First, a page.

Thursday, December 13, 2012

Pattern Stories At Writing Time

At writing workshop, we started a new unit of study focusing on Pattern Books. I have been recently reading Katie Wood Ray's books Study Driven and Wondrous Words, and she is reminding me the importance of teaching students to read like writers. I love the explanation below from Stephanie Parsons First Grade Writers.

Stephanie writes:

Reading like writers is an abstract concept. As with any skill, you need to break it down for your students teaching them the steps along the way. The goal here is that children begin to read like writers. So what part of reading like writers comes at the beginning? What part of the work do you do for them and what part can you expect them to do? One strong way to begin reading like a writer is immersing yourself in the kind of text that you can most easily envision yourself writing. 

Stephanies' book has some fantastic units of study to help children plan, organize and structure their writing ideas. I got the idea of exploring and creating pattern books from her book.

Frank Asch Books
I love how Frank Asch has a nature theme throughout his books.  The illustrations are beautiful, and these books lead easily into a classroom Shared Writing lesson. You can see a chart we wrote as a class.

I love Todd Parr.  His books have simple text with a powerful message.  Students can quickly come up with topics for special people in their lives.
I love all of these books by Paul Collicutt. The pattern is perfect for young students. These books have simple sentences, but the illustrations give you so much information about the topic!!  We talked about how these books have the opposite information on each page. The author Paul always ended the last page with something different from the pattern. 

Our class chart is recording some of our thinking! Below are some examples of pattern stories students are making in kindergarten. I just shared the first page or two.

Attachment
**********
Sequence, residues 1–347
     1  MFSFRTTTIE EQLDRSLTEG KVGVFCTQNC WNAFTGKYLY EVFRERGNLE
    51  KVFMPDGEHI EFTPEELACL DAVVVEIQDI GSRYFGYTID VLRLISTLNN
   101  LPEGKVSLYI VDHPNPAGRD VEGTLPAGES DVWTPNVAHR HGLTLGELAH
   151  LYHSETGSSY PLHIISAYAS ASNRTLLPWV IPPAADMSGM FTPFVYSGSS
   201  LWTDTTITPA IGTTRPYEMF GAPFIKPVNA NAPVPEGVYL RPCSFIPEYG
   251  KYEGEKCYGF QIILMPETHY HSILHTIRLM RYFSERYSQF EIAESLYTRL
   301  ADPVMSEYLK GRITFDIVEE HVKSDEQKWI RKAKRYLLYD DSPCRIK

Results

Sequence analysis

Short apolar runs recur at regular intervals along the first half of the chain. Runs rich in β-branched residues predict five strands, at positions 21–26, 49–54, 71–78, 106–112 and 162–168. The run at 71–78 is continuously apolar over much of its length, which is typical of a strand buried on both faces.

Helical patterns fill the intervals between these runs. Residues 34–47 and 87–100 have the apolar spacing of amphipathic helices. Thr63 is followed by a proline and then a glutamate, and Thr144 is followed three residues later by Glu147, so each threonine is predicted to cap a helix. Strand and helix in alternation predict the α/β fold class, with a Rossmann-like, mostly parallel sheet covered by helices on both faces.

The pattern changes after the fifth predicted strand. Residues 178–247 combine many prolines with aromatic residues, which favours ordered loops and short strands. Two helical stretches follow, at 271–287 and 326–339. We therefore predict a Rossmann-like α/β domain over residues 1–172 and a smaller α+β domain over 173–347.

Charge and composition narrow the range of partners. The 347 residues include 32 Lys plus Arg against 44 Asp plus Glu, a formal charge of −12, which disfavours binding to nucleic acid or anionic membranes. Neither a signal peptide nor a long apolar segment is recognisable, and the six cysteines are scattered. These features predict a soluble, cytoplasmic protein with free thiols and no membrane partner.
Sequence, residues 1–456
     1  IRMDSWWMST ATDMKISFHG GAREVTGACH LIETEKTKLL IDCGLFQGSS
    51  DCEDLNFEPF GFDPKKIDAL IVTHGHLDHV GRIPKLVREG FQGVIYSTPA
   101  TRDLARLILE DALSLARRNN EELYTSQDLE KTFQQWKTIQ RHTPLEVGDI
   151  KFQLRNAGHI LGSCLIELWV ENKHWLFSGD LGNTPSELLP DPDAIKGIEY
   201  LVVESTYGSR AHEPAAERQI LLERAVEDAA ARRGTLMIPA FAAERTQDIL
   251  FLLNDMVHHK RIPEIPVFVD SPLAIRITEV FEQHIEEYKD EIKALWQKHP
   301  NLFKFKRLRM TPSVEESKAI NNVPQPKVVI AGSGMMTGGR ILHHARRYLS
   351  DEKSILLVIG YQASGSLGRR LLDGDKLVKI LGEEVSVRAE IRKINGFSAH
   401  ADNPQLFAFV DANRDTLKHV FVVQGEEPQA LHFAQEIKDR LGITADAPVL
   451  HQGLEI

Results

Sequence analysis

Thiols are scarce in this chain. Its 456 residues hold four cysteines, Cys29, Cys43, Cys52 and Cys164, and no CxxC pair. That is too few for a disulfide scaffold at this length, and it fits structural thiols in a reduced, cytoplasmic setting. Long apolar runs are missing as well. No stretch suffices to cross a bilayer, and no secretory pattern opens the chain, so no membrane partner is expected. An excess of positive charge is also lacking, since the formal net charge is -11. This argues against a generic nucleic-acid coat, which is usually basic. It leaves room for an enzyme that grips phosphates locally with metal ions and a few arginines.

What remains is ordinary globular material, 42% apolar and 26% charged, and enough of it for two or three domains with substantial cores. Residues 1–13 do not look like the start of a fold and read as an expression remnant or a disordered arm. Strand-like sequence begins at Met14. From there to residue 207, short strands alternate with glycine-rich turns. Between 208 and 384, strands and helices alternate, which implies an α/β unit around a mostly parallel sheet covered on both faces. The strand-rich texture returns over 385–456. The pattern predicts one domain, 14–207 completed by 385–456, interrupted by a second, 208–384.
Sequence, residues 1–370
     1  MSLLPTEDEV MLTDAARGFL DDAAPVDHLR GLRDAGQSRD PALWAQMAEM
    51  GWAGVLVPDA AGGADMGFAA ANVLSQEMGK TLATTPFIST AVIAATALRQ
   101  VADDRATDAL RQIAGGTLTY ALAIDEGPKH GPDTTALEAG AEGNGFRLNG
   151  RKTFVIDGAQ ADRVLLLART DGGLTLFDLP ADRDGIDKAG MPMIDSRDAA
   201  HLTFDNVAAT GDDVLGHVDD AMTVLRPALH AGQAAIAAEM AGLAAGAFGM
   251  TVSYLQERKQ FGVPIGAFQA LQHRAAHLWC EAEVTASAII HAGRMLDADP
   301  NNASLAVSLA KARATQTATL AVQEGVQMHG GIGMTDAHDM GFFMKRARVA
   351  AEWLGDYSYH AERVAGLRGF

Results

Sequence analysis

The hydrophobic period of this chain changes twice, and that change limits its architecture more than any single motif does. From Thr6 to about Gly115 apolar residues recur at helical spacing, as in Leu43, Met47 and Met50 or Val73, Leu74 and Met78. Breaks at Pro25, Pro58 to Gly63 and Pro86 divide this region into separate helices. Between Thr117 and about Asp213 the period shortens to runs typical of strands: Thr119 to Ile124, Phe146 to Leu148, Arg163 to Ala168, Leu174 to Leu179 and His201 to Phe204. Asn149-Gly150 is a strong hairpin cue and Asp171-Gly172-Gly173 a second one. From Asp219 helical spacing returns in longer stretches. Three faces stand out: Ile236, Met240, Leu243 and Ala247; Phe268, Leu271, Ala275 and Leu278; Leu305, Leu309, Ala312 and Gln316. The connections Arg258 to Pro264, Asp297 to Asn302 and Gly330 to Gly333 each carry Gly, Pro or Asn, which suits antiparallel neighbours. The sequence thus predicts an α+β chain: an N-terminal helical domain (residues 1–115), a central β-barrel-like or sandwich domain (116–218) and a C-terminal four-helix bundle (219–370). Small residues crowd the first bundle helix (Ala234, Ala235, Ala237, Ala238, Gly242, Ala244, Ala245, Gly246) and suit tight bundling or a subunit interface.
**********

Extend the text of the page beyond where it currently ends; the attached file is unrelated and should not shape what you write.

Happy News 
The bunny found a friend. 

Sad News
The Bunny lost his friend.

This train goes curvy. This train goes straight.
My big brother Christian likes little Lego's. My little brother Mark likes big Lego's.
Somewhere today a Water Snake it swimming.

Somewhere today a snake is laying 100 eggs

Saturday, December 1, 2012

Word Work

This post will share with you some of the Word Work we have been working on in KC kindergarten. During Guided Reading time, I have introduced Elkonin boxes with small groups. 

I see lots of kids struggle with breaking apart sounds and putting them back together again. I decided to incorporate some of the sound boxes with the large group. After shared reading time, a follow-up activity has been to take out the board below and have the whole group do some word work focusing on a familiar word family from the story.
We worked on the AT family, but we also played around with making words and nonsense words too.  After sounding out letters and words, we talked about how once you learn a new word, you don't have to sound it out.
We did this with our bodies! The kids loved this.  
Investigation Letters 

You can see a few Thinking Maps focusing on letters. 
I love how a boy in my class puts the e in the middle because it has a half circle. 

My girlfriend Genie did this Tree Map with her class. 

Click to download letter for pocket chart

Thinking Maps Comparing Letters

Kids have been having some great discussions about letters.

During shared reading, this week I have returned to a familiar big book and told the students we would become letter detectives looking for uppercase letters. Some student didn't know what upper case letters meant. We put highlighter tape over all of the uppercase letters we found. The class began to talk about sentences.

Interactive Writing 
I have been doing a lot of Interactive Writing with my class, and one thing, I have struggled with, is what to do when students are using capitals in the wrong places.

My primary goals in the fall are to build confidence in writing, reread our writing and creating a message that makes sense. Now, I have students learn when to use capital or a lowercase letter. You can see below in our KC Learning Journal that we are starting to use some lowercase letters.

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